grip. The final weight of the manufactured robot was 29.98g which satisfies the design weight constraint.

(a) Prototype 7

(b) CAD design of Prototype 4

Description of robot performance


Our first jump test resulted in a distance travelled of 100mm. Upon carrying out analysis with a 240fps
camera we discovered that upon takeoff the positioning of the foot as shown in the CAD design above
resulted in a moment to be produced. This angular momentum was effectively wasted energy. Upon
repositioning of the feet as shown in prototype 7, the robot jumped 150mm. After carrying out slow
motion analysis it was still discovered to rotate on takeoff: this was due to the lack of friction on the feet.
Once silicon putty was added to the feet the jump distance increased by 300% with no rotation at takeoff
and with a trajectory of 45 .

Best Jump (mm)


295

Robot Size (mm)


90

Robot mass (g)


29.98

Merit Function
4.39

Year Group Positioning


2nd

Table 1: Final Test Results

Futher improvements
The robots performance could have been improved in numerous ways outlined below.
More budget for buying 2 motors: test one motor to its limit for better understanding of maximum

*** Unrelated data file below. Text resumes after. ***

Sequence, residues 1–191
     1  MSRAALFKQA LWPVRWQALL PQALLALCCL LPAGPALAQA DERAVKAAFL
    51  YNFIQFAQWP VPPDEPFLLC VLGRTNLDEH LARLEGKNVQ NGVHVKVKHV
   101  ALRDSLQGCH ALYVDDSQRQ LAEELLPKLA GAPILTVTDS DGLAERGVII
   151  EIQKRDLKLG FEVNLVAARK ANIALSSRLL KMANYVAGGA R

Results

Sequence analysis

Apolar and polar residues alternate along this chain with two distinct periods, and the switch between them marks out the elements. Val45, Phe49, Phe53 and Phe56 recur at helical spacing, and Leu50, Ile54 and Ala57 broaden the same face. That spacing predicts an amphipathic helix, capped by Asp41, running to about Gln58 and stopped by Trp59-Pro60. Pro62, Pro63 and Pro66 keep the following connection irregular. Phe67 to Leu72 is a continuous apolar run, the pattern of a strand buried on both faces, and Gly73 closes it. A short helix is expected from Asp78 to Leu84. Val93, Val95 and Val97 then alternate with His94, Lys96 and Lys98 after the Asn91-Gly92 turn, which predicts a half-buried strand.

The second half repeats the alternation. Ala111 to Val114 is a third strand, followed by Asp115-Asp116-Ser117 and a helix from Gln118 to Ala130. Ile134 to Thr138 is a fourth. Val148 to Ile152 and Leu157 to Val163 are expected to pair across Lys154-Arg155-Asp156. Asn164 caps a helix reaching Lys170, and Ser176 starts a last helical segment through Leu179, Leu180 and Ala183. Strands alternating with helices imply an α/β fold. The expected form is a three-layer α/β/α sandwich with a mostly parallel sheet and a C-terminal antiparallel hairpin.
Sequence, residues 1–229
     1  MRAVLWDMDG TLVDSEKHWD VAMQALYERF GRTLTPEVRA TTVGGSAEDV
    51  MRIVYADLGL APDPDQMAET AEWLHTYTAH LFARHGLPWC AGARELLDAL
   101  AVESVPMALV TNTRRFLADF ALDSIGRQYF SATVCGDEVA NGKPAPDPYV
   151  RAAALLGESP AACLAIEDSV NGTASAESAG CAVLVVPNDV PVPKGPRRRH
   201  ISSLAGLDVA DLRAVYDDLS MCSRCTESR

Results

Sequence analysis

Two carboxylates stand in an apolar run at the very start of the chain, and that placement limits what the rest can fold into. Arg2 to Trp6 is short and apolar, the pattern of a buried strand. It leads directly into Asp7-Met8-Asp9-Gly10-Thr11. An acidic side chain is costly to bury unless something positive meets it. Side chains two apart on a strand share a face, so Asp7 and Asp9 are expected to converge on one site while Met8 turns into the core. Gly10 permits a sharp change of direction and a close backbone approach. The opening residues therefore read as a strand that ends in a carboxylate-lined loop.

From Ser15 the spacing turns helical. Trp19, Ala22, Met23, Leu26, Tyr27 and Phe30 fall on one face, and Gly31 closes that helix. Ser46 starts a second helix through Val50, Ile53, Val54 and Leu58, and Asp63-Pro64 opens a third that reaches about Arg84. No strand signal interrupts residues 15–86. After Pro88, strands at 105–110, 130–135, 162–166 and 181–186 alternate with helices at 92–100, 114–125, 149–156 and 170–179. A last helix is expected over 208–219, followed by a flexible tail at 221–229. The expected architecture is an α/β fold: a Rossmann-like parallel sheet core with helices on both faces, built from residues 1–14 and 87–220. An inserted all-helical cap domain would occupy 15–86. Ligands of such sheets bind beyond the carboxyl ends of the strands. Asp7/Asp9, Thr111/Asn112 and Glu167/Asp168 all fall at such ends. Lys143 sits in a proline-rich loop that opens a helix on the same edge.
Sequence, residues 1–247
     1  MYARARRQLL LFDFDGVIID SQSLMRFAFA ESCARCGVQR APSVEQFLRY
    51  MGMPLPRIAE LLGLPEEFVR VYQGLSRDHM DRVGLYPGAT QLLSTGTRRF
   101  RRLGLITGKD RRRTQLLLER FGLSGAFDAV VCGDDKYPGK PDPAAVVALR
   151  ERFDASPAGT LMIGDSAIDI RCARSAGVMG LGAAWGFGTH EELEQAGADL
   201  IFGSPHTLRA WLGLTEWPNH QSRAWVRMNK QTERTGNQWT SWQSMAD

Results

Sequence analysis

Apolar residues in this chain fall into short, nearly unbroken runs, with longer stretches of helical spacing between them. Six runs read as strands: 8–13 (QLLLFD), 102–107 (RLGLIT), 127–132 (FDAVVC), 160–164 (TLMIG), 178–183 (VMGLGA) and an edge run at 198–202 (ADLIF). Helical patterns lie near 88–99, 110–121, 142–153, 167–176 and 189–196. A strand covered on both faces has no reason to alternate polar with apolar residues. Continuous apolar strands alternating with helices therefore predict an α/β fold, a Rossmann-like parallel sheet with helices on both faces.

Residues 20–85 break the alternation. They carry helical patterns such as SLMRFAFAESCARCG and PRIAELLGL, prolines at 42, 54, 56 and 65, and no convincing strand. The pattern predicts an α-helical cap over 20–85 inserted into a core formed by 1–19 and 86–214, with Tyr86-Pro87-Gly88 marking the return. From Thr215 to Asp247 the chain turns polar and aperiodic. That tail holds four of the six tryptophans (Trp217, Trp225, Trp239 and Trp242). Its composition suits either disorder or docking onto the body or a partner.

compressible length of the spring.
Remove leg holders from the tube to save weight.
Replace RF receiver with a working 2.4Ghz receiver, which will reduce the weight by 2g.
Reprint tube with hole cutouts for weight saving and use finite element analysis to ensure the
material is not subjected to critical stresses.

Appendix
Costing
Our overall expenditure for the project was 129.32. The project went over budget for a couple of reasons:
There was a minimum order charge and postage cost for the springs. They were ordered before
the workshop announced that they could order in springs for us.
In order to keep the weight down micro digital receivers were bought (28 each) and the cheapest
suitable transmitter was bought (17).
At all points in the project the cheapest parts were obtained. The worm drive and all gears along
with the motor were sourced from Hong Kong.